Why Gold is a Better Investment Than Bonds
Many investors believe that bonds make an excellent investment vehicle whereas investing in gold is seen as being volatile. However, below are some reasons why the opposite is true, that bonds are actually far more risky than gold coins and in the long run will not protect your wealth to the same extent.
Why Many Investors Traditionally Prefer Bonds
A lot of investors prefer bonds than investing in gold because they are perceived as being less risky than equities. This belief was reinforced in 2008, when the financial crisis prompted many investors to exit equities in favor of bonds. Although the returns from bonds tend to be less than equities, they are guaranteed and backed by the government which gives many people peace of mind.
However, the financial outlook for governments around the world isn’t rosy, particularly in the United States, Europe and Japan. All the governments in these regions carry huge amounts of debt, and the American government’s response during the crisis of 2008 was to use large bailouts and stimulus. Many financial pundits at the time concluded that these moves were merely a band aid that would not halt the financial hemorrhaging over the long run. The root of the crisis was excessive debt, and government’s solution was to simply issue more debt by using the U.S. Treasury and Federal Reserve to flood the economy with more dollars that increased both the money supply and inflation for most Americans. If this is the government’s response to a financial crisis, why on Earth would anyone trust the bonds issued by them?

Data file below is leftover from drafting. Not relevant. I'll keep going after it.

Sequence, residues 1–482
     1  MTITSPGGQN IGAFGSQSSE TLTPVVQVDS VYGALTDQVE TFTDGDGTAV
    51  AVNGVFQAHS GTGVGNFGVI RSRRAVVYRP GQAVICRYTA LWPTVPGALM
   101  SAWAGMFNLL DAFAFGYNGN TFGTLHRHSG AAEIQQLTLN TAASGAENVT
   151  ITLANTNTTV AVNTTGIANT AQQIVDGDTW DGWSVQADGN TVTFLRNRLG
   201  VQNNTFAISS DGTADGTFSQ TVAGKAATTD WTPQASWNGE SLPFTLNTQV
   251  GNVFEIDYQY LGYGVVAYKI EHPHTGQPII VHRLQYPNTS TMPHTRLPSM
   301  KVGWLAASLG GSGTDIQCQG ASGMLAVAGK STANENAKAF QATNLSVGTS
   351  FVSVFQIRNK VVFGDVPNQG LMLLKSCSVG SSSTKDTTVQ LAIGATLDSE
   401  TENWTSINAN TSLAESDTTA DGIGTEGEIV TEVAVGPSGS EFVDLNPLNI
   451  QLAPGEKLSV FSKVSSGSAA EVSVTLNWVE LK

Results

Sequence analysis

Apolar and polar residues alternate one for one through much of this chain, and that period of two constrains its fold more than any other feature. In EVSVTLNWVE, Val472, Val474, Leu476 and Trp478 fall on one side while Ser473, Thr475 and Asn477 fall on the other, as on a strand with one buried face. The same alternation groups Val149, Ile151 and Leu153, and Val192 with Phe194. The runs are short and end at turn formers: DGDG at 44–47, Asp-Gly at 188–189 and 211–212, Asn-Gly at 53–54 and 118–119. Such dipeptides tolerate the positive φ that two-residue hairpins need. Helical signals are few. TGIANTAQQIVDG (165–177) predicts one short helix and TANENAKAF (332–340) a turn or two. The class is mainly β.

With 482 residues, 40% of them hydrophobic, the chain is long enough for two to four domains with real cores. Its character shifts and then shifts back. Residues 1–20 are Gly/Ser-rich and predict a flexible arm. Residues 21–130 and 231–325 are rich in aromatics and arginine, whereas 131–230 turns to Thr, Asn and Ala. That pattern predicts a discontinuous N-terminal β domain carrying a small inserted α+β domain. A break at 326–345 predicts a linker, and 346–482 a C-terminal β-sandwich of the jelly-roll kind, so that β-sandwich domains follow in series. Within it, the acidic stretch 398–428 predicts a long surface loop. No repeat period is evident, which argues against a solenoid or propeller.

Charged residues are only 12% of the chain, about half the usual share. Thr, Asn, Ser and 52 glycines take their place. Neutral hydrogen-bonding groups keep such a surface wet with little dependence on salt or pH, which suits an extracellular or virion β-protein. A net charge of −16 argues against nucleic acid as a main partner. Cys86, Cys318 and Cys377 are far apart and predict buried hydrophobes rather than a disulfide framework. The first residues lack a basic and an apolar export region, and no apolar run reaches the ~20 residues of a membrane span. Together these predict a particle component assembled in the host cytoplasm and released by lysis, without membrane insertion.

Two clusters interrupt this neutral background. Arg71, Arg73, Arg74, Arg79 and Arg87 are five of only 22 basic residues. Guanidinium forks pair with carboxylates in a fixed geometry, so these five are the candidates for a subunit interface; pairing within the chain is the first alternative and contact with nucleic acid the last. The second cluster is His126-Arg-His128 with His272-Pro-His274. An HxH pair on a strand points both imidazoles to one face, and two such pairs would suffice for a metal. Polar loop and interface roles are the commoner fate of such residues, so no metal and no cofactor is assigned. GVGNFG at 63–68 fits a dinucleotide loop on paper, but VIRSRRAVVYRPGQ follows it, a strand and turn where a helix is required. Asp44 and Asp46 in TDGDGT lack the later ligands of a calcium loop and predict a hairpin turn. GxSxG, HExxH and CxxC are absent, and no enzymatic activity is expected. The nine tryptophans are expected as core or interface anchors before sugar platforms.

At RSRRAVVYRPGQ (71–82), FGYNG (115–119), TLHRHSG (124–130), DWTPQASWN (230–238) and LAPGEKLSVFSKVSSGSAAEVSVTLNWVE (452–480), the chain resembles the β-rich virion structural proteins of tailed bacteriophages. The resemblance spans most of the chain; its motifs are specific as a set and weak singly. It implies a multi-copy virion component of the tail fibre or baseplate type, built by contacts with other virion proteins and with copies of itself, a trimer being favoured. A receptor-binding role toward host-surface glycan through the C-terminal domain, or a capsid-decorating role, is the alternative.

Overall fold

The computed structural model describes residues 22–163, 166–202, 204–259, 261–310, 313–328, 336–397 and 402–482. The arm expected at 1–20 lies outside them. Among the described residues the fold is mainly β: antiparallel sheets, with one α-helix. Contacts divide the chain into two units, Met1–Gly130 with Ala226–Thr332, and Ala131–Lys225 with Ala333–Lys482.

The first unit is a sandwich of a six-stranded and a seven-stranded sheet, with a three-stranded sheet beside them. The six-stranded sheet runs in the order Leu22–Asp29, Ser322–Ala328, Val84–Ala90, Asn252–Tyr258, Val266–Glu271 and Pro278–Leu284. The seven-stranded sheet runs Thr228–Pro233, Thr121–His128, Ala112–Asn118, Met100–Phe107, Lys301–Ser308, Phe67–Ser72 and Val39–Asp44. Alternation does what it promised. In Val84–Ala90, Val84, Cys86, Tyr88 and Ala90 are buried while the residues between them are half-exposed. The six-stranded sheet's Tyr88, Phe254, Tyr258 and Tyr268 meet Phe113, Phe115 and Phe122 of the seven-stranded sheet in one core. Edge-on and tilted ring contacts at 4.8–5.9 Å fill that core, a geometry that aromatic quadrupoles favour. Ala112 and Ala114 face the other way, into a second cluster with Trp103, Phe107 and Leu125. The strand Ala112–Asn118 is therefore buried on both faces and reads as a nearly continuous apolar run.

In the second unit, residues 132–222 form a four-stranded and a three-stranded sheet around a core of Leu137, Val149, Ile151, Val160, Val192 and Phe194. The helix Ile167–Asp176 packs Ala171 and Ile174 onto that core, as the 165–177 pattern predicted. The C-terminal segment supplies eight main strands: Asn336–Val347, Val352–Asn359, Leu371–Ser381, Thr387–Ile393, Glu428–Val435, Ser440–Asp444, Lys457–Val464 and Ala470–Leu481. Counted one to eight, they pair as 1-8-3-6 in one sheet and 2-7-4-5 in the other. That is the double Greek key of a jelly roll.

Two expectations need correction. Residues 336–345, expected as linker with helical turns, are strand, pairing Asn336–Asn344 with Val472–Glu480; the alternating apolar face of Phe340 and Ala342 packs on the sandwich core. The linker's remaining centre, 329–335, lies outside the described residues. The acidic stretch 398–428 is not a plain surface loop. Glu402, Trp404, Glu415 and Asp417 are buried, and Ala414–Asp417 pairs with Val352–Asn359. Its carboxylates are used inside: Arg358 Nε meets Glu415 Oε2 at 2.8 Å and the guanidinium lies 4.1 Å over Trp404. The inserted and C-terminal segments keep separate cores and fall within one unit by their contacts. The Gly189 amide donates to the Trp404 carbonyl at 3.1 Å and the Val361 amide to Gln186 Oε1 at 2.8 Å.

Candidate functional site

Gold Is Superior To Bonds In Almost Every Way
To be sure, investing in gold might not pay interest the way bonds do, but it also isn’t an instrument of debt. Gold does well during inflationary periods and moments of uncertainty, whereas bonds tend to be harmed by inflation. This is because inflation depletes the bond’s purchasing power from its principle balance as well as the yield. Furthermore, many investors make the mistake of trusting the CPI (Consumer Price Index) when it comes to the inflation rate, but when you investigate it carefully, you find that its data cannot be trusted.
This is because the technique for calculating CPI was altered during the 1980s. For example, rather than incorporating a basket of goods that is fixed and which represents a specific living standard, today’s technique uses hedonic adjustments, geometric weighting and substitution. Economists that use the pre-1980 CPI calculation technique believe that true inflation is much higher than the government admits. The proof can be seen in the price of homes (especially on the East and West Coasts of the USA), the cost of rent in major cities and the price for tuition at colleges. This makes any interest gained from bonds miniscule at best.
Another advantage that gold has over bonds is that gold cannot be defaulted on. Bonds are vulnerable to downgrades in credit rating and it is possible for governments to default on them completely. Given the extreme debt levels that governments around the world maintain, which only continues to grow, holding bonds over the long term is incredibly risky.